NASA Is Making Airplanes Friendlier for our Ears, Using Shape-Memory Alloys

When speaking of electric aircraft, one of the most talked about benefits is a reduced noise level, compared to standard airplanes. But there’s still a long way to go until electric air mobility vehicles will be widely used. Until then, there are possible solutions for the noise pollution issue, one of them being a truly flexible material, known as shape-memory alloy.
Even the latest aircraft, like the Boeing next-generation 737, contribute to high levels of noise pollution 8 photos
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Aircraft are noisy during takeoff because of the engines, and when they land, because of the wings that are preparing for touchdown. When the front edge of the wing separates from the main wing, the air starts to circulate in between, making the unpleasant noise we know. Researchers at Texas A&M University are now working on a revolutionary material that could act as a filler in the wings, hindering the air circulation and, therefore, reducing the noise.

NASA Langley Research Center, the Physical Sciences Research Council and the Royal Academy of Engineering are funding this research, with hopes of developing a reliable solution for quieter airplanes. NASA has been playing with this for years, testing shape-memory alloy to reduce drag and improve overall flight performance. This current study, which was published in the Journal of Aircraft, is focusing on noise reduction.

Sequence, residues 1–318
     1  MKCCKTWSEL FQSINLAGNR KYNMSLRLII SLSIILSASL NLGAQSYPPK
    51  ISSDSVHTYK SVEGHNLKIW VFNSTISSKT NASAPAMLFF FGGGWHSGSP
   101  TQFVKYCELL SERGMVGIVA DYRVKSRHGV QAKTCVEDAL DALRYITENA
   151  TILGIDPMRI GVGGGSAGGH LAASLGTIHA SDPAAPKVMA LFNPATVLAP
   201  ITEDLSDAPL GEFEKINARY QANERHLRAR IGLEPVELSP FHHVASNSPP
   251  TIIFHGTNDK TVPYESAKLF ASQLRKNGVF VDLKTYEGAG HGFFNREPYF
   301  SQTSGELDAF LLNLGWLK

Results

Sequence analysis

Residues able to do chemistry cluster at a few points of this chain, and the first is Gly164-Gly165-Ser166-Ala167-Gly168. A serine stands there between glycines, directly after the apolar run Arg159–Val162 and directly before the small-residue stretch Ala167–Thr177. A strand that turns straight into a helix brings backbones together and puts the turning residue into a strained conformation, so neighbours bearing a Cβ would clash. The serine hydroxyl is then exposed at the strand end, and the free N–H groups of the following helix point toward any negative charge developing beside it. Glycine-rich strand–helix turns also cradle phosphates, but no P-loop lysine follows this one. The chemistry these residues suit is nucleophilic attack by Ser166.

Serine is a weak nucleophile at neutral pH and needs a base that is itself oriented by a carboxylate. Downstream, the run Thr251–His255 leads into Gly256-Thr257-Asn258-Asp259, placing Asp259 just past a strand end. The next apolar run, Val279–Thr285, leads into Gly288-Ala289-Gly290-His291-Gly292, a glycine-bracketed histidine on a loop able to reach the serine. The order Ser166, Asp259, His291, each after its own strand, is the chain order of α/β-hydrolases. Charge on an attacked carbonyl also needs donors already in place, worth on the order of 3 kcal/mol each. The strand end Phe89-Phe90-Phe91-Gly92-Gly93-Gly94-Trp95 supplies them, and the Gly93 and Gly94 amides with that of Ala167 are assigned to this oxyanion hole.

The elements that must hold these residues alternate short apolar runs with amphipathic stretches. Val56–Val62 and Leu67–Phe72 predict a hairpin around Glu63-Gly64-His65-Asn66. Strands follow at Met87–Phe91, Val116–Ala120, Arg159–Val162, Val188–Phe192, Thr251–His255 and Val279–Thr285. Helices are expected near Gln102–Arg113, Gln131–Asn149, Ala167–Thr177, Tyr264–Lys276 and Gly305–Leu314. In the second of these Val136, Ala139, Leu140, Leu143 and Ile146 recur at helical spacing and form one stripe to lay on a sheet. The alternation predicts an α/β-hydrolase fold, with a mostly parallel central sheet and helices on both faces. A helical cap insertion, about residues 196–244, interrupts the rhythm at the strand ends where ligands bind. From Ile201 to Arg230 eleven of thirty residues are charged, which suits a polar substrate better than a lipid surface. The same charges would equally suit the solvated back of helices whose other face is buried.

Due to its ability to be malleable and still remember its initial shape (hence its name), this alloy, used as an S-shaped membrane, would act as a filler when the airplane is descending, and then go back to front edge of the wing, after landing. Basically, this membrane would change its shape at every landing.

So far, this was tested through computer simulations. The researchers compared the shape-memory alloy with a membrane made of polymer composite and discovered that both of them were able to stop air circulation by changing their shape, but the alloy was more flexible in terms of shape-design as well.

For the next phase of the research, models of aircraft wings with shape-memory alloy fillers will be tested in wind tunnels, to see if they could perform as well in real-world situations.

Aircraft noise has serious effects on our health in the long run, more damaging than we might think, and this memory metal could be the answer for quieter flights.


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